In discussions of CG and visual effects on various occasions – such as ones at mediateacher.net with visual effects supervisor Greg Butler – one of the topics that regularly arises is the particular challenge of animating people. This involves the concept of the uncanny valley – that territory whereby the closer one gets to creating an artificial human, the creepier and more repellant that version becomes (recently confirmed through research by Maya Mathur and David Reichling). It seems to be not such a big issue for gamers (such as with Assassin’s Creed, Call of Duty, or Far Cry), but in fiction movies, the trend has been towards creating very cartoonish-looking people. Among the most famous examples of the uncanny valley turning off viewers have been in the performance capture features of Robert Zemeckis, such as in The Polar Express and Beowulf, as well as earlier Pixar efforts such as Tin Toy (with that unintentionally gruesome baby) and Toy Story. When reviewing the history of CG in animated features, it is interesting to track the development of animating humans as it settled into a distinctly stylized, successfully cartoonish look, such as in Ratatouille, The Incredibles, and Up. One notable moment in CG features that struck me was with the release of the feature Monster House, in which the setting was animated in a hyper-realistic mode and while the characters were created using performance capture, the design distinctly pursued a claymation look, most visibly noticeable in the hair of the characters.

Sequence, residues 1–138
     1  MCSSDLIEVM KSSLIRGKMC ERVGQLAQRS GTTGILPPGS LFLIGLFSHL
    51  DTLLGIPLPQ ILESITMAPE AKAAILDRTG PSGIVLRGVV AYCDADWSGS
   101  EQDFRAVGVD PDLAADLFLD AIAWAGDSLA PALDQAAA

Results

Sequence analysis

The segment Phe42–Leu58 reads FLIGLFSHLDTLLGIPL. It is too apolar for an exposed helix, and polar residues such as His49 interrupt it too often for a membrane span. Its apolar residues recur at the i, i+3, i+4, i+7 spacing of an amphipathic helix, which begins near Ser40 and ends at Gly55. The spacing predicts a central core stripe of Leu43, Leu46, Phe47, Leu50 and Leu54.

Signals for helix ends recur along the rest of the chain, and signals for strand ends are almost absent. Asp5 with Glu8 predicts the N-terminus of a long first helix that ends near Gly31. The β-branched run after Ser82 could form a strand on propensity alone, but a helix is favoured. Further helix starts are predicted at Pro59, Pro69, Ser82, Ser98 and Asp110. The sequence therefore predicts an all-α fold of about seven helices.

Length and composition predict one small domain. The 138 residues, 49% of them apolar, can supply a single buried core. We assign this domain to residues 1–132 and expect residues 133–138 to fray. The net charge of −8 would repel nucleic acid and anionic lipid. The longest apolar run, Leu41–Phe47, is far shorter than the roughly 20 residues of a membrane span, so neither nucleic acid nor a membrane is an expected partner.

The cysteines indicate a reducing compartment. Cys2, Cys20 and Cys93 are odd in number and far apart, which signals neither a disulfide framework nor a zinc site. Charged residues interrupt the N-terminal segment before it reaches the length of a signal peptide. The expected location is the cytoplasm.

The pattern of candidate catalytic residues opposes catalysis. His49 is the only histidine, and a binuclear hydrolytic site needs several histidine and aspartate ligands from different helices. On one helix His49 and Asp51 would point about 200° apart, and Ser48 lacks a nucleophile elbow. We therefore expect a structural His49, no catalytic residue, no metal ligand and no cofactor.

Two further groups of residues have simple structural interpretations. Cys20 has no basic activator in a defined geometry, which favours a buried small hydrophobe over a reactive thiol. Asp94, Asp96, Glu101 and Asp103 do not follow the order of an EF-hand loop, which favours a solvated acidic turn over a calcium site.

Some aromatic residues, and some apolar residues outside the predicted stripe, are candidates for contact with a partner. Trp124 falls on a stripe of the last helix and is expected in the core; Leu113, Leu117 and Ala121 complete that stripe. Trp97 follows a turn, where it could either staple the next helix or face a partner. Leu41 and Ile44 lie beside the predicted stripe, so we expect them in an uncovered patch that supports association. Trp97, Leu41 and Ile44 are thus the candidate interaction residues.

When I was watching some British holiday commercials that were highlighted by the blog Media Psychology, I chuckled at one long ad featuring the CG cat Mog (for Sainsbury’s narrated by Emma Thompson). I wondered, “so when cats watch this, are they creeped out? Do they experience the uncanny valley too? And what about dogs? Do they get a chill down their spine watching CG puppies like when we watch The Polar Express and they yell out, ‘please, just turn on Madagascar again!'”